The firing pin retracting bridge, one of the smartest features of Garand's design, is present.
So is the camming surface on the back of the bolt, albeit in a simplified form in the Mini. The camming surface is designed to intercept a nose on the hammer if it tries to fall on an out-of-battery bolt. This turns the hammer's impact into rotational motion, either forcing the bolt into battery or preventing the firing pin from being hit hard enough to fire the round. This brilliant and simple design prevented an out-of-battery explosion in my M1A, so I'm understandably fond of it.
The trigger pack is another area that's almost pure M14, but with some changes. The unlatching trigger guard, safety mechanism, and hammer strut are all familiar, but the interface between the hammer, trigger, and disconnecter has been replaced with a mechanism that separates the disconnector and trigger into two separate parts.
The trigger in this Mini-14 is relatively light, but has an unfortunate amount of creep and not enough takeup. I'll have to see if I can scrape up some parts and do a trigger job. The trigger doesn't appear to impair accuracy (see below), but I'd prefer more of a two-stage feel with a crisp release, and there's no reason this design can't provide that. One last gripe is that the safety could be a little more positive--but then I like very heavy safeties.
The op-rod handle uses the square M14-style camming hump, but there's no bolt roller, which makes bolt camming more like what's found in the M1 Garand or Carbine.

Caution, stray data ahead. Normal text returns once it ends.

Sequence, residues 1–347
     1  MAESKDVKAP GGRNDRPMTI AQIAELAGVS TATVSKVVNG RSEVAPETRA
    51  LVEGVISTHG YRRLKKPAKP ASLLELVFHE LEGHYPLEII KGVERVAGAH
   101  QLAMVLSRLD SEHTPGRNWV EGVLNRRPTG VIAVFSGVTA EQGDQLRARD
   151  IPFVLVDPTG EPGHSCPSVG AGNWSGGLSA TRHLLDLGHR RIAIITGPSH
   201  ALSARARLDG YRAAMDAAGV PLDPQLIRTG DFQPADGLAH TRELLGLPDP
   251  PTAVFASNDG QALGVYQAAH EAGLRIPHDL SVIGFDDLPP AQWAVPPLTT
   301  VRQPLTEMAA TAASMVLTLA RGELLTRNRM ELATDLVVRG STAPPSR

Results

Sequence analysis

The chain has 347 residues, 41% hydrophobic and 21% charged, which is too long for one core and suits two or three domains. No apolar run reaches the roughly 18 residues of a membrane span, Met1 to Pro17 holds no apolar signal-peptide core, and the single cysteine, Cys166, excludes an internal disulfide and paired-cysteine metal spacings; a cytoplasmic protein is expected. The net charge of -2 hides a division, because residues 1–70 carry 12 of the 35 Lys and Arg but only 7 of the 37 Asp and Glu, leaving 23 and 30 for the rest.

The magazine system is pretty much straight M14, except that the front of the mag latches directly into the receiver instead of the recoil spring guide, but that's because the gas system is dramatically different than the M14's.
The Mini-14 uses a slide under the barrel like the M1 Carbine, but instead of a trough-like slide with an off-center recoil spring, the Mini has a two-sided slide. (Note the lightening cuts.)
One side of the slide holds the spring that latches into the recoil buffer in the receiver; the other admits the gas nozzle which directs gas siphoned through the gas block into direct impingement with the slide.
It gets pretty messy after a few rounds, but at least the fouling is limited to large parts with lots of clearance. The bottom of the stock contains a liner to contain fouling and prevent the slide from gouging the stock.